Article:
I have a new, general audience article with Max Paul Friedman on the International Security Studies Forum. They have been running a policy series on different aspects of U.S. foreign and security policy today.
Here’s a taste below, or read the full article at ISSF.
“Despite its proximity and importance, Latin America usually does not receive a lot of attention in U.S. elections. After Donald Trump’s shocking and ultimately successful campaign for the presidency, the region may miss being out of the limelight. Somewhat atypically, many of Trump’s campaign promises related to Latin America. Mexico was, and remains, Trump’s villain of choice from the first day of his unlikely campaign. Mexico supposedly sent criminals as immigrants and bested the United States in the countries’ deep trade relationship; Trump granted the Mexican government a level of astuteness and competence that must have surprised many Mexican citizens. Central American migrants, whose remittances are more important to their home states in relative terms, also came under fire. In recent days, Trump has aimed his Twitter feed at transnational, and U.S.-born, street gangs, casting all the blame on neighbors to the south. Trump’s initially pacific tone toward Cuba soured as the campaign progressed. His anti-trade proposals go beyond renegotiating or threatening to withdraw from the North American Free Trade Agreement (NAFTA) and abandonment of the Transpacific Partnership (TPP), and would cut to the core many Latin American countries’ economic strategies, in which access to the U.S. market is the lynchpin.”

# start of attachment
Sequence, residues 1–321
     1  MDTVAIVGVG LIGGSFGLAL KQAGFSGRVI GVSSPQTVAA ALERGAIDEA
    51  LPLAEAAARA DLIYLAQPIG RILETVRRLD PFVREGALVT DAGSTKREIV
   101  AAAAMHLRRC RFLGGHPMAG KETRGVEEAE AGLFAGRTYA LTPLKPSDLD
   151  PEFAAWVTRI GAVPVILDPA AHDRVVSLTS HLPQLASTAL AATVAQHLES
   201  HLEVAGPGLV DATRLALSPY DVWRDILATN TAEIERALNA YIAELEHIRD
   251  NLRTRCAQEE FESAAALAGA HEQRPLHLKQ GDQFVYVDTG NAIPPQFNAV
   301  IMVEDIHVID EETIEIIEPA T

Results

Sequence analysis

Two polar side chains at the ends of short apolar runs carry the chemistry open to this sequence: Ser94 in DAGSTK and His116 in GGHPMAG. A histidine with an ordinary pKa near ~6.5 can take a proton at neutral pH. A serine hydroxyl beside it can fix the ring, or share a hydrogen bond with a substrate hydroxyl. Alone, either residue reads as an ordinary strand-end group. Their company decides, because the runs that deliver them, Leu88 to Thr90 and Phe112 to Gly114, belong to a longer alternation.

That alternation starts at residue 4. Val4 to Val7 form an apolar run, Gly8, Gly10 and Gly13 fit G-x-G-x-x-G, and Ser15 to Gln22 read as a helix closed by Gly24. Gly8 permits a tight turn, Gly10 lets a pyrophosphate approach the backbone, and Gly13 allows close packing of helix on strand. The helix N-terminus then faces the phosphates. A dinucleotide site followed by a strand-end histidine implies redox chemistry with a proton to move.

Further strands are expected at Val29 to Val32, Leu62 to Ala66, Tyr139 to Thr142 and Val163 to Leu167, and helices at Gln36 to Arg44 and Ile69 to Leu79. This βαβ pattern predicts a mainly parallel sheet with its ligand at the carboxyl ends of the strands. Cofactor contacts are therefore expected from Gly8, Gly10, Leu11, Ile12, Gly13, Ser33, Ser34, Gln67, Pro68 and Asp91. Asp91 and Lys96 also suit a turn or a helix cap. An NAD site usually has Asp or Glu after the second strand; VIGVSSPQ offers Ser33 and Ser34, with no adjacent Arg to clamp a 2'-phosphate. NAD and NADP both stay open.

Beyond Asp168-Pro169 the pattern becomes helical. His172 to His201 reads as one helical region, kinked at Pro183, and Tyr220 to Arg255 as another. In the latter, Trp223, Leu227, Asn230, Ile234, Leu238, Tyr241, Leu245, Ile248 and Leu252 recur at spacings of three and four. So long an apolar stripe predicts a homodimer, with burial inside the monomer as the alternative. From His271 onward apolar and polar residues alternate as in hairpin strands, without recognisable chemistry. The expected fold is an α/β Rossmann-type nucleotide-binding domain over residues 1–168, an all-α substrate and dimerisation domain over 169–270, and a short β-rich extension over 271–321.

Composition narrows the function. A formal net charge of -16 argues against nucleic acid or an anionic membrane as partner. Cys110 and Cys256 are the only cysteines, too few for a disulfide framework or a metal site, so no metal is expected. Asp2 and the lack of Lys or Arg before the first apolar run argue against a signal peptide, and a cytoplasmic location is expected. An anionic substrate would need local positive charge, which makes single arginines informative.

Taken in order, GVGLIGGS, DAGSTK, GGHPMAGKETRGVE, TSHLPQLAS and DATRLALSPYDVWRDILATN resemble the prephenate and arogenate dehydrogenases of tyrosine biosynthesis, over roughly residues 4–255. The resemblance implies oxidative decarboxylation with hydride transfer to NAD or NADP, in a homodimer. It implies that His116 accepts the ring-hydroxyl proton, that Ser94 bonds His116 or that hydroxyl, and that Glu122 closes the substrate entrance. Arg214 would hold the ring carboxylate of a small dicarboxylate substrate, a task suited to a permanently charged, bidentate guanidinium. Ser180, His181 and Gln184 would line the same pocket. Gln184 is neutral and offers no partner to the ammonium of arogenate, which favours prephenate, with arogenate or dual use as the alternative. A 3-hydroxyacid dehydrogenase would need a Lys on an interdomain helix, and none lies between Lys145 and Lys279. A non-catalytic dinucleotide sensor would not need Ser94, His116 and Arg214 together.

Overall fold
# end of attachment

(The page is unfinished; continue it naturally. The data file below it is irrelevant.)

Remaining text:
Continue reading the full article at ISSF.
Amigos en Colombia, les comparto una invitación para un evento con Sebastian Bitar, Michael Penfold, y Martha Ardila sobre la política exterior colombiana actual, el 3 de mayo en Universidad de los Andes.
La idea es hablar un poco de como el acuerdo de paz podría o no cambiar la política exterior colombiana, y también como los retos internacionales (Trump, crisis de Venezuela, Brexit, etc) podrían influir en el proceso y implementación de paz con las FARC y las negociaciones con el ELN.
I reviewed Princeton historian Robert Karl’s very good article on the intersection of the Cuban Revolution and Colombian domestic politics. The review was published today on the H-Diplo forum. In the review, I write:
“In his recent article, Robert Karl addresses that question from a Colombian perspective. In doing so, Karl sounds a note of caution about the growing trend toward a Latin Americanization of the Cold War—or perhaps a Cold War-ization of Latin American history. Local dynamics and historical interpretations dominated early Colombian impressions of Cuba’s revolution; the Cold War took a bit longer to arrive. Though Fidel Castro was a ‘ghost’ haunting Colombian politics from 1957-1962, his spectre was not initially one of Soviet-backed intervention. Instead, Karl shows how the Cuban revolution was a mirror for Colombia’s own incipient democratization rather than a refraction of the Cold War. Recent Colombian experiences, notably La Violencia, the toppling of Colombian dictator Gustavo Rojas Pinilla, and Colombia’s own democratic pact, were the most important factors that shaped how political elites and the press viewed events in Cuba.”